A room in Hanoi


A textured tree that was never alive

Blossoms bloom to mimic life

Beautiful beaded birdcages hang

With the absence of captivity


Walls steep up, old brick on brick

Wood panels lash up, don’t cover it

To woven shades circling light

Ball that burn, not so bright


Hard edged comfort lines the room

Hard and soft under blossoms bloom

Wind sweeps in, cool air for breath

The only thing here that can experience death



She can’t sleep

“Today will be different”, the words of an earlier hour echo in her mind. She promised herself today, like she does everyday, that tonight is the night she will sleep early and wake in time for breakfast. Not linger into the night, without the compulsion to sleep, only to procrastinate further in her bed once morning comes.

A silent depression skulks over her. She wants to sleep but cannot bare to face it. Instead she finds distraction in docile activities that keep the mind reeling with anything but tranquility. Her head pounds from staring at her computer screen for too long, allowing internet based garbage filter indiscriminately in, numbing her brain. In place of real experiences she trifles herself with utterly forgetful sonic and visual stimulations, wasting her mind, health and life in a pathetic plea not to go to bed.

It’s only when it becomes so late and so ridiculous that she is still awake, that her logic can’t help but override her stubbornness. She pushes all her distractions, without an ounce of grace, off of her immediate sleeping surface, yet still on the bed, and lies in wait for sleep to come. This night, like every night, holds nothing new for her. Good night.

Heckling no fool!

Tips and tricks: pushy vendors and beggars.

It certainly takes time to have the right demeanor and confidence in telling people ‘no’ without feeling rude. Somehow, if you’re new to it, even if you say ‘no’ firmly, they can just smell an easy target! So here’s my experience with dealing with persistent vendors (mainly in SE Asia):

1. Good manners.

Most of us were brought up to be polite, especially to strangers and people we meet for the first time. If someone offers you something you might feel inclined to at least look at what they have to offer before politely dismissing it. However with street vendors and beggars, they know that persistence pays off.  If they think for a second that you will buy or give out of politeness, you’ve got very little chance of escape!

2. See things differently.

If you make a dance over being polite but really have no intention of parting with your money, you are actually wasting their time. Though you might feel rude, you are doing them a favor by letting them know as soon as possible that you are not interested. In different places, different tactics need to be used, in some places a simple ‘no thank you’ will suffice, in others, making no eye contact and signaling disinterest is needed. Here in Vietnam, when I see someone approaching me, maybe from across the street to sell something, I will use a hand gesture to let them know I’m not interested.  Nothing rude or too dismissive, just a little shake of the wrist is enough. This way they are not wasting their energy by having to walk all the way over to me just to be rejected, and besides, they could be walking over to someone else in that time for a possible successful sale.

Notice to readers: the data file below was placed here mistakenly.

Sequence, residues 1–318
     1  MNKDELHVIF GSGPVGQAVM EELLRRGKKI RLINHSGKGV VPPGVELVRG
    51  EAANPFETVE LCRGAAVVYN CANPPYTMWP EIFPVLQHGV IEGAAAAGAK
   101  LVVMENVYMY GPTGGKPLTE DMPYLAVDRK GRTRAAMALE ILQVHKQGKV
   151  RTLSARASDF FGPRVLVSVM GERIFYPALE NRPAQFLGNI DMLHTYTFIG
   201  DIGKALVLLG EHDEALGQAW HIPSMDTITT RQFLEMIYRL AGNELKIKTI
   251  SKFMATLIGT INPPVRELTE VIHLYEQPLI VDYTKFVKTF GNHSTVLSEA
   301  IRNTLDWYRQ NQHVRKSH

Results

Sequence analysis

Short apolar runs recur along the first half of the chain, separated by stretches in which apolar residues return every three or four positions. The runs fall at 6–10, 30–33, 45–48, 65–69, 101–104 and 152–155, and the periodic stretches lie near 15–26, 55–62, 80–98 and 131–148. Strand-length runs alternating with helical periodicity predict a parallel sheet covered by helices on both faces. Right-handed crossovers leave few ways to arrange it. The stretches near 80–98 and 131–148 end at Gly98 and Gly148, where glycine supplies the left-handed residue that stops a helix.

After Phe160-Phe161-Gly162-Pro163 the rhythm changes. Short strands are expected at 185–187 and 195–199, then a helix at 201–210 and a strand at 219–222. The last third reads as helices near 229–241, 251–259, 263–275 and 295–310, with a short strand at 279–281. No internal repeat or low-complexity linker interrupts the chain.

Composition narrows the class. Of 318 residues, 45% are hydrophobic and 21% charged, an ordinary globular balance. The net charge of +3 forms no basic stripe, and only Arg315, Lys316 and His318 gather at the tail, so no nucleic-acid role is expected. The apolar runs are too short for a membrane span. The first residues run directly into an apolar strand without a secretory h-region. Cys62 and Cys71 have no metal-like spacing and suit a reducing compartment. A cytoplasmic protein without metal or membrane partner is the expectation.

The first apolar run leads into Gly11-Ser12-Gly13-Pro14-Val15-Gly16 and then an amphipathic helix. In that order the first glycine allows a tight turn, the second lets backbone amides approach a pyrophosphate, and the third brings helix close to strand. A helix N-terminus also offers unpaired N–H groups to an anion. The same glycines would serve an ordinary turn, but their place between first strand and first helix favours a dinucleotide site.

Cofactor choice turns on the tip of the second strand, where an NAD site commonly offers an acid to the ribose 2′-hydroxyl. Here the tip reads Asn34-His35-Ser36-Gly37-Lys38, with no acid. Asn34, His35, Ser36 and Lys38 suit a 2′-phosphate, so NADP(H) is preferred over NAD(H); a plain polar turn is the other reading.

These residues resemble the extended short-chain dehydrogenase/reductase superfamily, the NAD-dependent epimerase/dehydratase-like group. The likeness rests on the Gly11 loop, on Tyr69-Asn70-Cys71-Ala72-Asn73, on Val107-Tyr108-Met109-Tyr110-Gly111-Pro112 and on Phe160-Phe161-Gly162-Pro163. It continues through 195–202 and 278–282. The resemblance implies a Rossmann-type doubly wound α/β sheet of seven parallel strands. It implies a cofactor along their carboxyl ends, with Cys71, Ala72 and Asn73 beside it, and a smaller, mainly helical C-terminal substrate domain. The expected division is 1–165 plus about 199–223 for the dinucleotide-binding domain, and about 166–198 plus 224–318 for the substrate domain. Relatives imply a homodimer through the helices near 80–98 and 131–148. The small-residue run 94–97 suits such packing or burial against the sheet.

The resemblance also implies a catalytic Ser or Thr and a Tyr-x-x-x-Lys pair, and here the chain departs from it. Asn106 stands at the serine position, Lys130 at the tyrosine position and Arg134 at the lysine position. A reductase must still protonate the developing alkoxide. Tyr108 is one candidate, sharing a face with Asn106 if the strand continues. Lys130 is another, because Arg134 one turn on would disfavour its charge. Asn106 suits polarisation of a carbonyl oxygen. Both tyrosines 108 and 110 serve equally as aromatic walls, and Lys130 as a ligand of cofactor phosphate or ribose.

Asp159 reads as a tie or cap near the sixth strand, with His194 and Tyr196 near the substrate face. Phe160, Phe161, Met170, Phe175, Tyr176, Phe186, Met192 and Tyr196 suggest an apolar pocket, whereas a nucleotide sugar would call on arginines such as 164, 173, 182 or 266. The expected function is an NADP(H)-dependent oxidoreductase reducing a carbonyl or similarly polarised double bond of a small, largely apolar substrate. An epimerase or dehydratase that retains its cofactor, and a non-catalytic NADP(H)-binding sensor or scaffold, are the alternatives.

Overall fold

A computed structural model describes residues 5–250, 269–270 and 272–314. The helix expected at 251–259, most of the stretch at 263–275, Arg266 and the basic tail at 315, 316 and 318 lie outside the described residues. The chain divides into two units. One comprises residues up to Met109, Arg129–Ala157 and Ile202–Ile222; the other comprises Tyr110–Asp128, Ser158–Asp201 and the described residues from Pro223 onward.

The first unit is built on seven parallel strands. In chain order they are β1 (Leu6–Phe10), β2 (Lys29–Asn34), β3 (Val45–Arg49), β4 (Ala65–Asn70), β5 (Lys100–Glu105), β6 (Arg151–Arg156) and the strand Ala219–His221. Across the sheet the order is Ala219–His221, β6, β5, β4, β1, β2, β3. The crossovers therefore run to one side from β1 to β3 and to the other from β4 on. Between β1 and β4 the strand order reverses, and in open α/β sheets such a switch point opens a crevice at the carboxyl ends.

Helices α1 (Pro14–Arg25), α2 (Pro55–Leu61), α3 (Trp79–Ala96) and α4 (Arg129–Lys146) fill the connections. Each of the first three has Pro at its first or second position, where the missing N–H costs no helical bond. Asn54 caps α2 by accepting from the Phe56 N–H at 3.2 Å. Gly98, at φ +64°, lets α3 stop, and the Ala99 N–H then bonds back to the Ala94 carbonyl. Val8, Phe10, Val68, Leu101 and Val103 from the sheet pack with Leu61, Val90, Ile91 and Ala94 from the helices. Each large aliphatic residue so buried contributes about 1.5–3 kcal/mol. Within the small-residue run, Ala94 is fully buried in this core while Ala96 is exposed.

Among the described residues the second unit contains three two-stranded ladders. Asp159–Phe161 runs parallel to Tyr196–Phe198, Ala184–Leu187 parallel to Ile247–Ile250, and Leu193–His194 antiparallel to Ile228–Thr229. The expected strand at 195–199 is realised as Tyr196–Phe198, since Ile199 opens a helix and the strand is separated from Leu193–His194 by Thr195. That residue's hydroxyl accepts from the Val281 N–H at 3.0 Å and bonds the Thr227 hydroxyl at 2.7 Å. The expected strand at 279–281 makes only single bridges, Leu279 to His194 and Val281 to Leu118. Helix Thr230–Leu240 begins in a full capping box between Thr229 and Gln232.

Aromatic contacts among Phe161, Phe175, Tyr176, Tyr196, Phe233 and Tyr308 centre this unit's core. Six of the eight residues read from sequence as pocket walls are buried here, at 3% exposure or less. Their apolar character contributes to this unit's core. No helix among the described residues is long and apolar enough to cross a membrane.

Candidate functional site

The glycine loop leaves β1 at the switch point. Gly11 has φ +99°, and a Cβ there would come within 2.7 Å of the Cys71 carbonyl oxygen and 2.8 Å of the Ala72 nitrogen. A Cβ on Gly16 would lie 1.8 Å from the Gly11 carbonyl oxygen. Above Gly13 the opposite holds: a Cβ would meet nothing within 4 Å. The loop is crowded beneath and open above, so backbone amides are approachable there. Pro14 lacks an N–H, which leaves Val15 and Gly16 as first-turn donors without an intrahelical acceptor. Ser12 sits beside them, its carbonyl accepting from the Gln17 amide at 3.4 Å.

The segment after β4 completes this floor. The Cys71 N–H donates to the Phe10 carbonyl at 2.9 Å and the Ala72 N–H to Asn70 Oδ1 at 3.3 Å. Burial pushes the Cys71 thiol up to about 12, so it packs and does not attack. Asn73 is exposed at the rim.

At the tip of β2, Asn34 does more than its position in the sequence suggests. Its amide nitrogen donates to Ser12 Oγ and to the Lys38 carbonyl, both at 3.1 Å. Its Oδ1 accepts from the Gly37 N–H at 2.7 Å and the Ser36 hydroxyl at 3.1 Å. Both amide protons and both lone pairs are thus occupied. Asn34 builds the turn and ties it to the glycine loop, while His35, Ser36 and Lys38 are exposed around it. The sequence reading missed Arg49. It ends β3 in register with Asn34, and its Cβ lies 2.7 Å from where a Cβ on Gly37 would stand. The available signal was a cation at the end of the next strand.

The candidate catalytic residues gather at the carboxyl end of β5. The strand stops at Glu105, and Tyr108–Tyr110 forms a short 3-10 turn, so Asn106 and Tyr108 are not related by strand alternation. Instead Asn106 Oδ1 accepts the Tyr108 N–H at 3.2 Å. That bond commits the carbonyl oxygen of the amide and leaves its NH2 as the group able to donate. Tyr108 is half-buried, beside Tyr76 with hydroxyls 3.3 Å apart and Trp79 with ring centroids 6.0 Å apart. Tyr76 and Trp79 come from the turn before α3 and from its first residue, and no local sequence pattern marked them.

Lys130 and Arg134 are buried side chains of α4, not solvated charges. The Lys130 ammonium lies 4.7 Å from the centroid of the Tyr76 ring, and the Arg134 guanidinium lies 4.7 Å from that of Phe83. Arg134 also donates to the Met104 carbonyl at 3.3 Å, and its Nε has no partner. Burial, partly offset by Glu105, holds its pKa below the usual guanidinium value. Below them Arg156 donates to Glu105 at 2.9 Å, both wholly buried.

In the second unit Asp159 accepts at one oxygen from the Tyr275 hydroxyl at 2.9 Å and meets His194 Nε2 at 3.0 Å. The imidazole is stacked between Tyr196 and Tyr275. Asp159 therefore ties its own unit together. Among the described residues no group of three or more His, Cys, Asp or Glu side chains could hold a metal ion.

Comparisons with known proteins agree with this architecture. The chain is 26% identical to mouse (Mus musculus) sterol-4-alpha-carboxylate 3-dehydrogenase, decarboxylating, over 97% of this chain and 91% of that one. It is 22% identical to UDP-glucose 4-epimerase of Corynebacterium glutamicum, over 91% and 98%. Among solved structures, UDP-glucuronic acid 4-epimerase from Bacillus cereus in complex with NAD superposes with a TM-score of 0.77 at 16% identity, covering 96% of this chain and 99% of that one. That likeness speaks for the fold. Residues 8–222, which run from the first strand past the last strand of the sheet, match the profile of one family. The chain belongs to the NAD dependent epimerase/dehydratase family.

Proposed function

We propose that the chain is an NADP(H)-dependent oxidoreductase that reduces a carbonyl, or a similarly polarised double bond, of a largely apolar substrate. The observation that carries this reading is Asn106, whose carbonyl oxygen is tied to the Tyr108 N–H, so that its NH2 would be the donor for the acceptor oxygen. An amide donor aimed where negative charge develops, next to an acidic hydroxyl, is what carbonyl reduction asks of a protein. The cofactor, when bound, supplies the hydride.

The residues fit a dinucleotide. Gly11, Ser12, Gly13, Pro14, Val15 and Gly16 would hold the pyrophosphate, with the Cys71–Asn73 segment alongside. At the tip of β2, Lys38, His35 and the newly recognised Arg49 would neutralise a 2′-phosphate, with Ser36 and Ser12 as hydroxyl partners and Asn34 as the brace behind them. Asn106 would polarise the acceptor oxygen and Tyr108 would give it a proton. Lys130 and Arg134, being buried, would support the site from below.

At one point, in India, I adopted a simple wave that stopped hecklers in their tracks, oh the power! I felt like a Jedi!

3. It’s ok.

Not every transaction has to be monetary. They are still all people and usually a delight to talk to. There is nothing wrong with some light banter and enjoyment. You still don’t have to buy anything and sometimes you can make a new friend and learn a about their culture. You may even discover ways you can help them far beyond giving them a few coins!

4. Be wise.

I don’t like to give to beggars and mostly I don’t. It’s an awful habit that can become desperate, manipulative and sometimes aggressive. In many places children are taught to do it, women drug their babies and abuse children. In some countries limbs and body parts are damaged or cut off for the sake of manipulating people to give. Giving to them is condoning and sponsoring this behavior. I choose to give to those who are in need but are doing something; asking for money but offering some kind of exchange for it. Even if I don’t want what they have to offer, I’d rather give to them.